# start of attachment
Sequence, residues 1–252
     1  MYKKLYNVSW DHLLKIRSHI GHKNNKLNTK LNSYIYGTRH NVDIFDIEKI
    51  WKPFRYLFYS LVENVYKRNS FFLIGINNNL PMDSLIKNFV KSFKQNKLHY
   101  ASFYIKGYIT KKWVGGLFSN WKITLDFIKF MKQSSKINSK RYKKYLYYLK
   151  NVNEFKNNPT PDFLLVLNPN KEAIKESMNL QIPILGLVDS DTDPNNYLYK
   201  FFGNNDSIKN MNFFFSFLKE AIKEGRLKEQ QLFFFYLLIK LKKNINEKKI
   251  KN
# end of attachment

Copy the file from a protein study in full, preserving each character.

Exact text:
Sequence, residues 1–252
     1  MYKKLYNVSW DHLLKIRSHI GHKNNKLNTK LNSYIYGTRH NVDIFDIEKI
    51  WKPFRYLFYS LVENVYKRNS FFLIGINNNL PMDSLIKNFV KSFKQNKLHY
   101  ASFYIKGYIT KKWVGGLFSN WKITLDFIKF MKQSSKINSK RYKKYLYYLK
   151  NVNEFKNNPT PDFLLVLNPN KEAIKESMNL QIPILGLVDS DTDPNNYLYK
   201  FFGNNDSIKN MNFFFSFLKE AIKEGRLKEQ QLFFFYLLIK LKKNINEKKI
   251  KN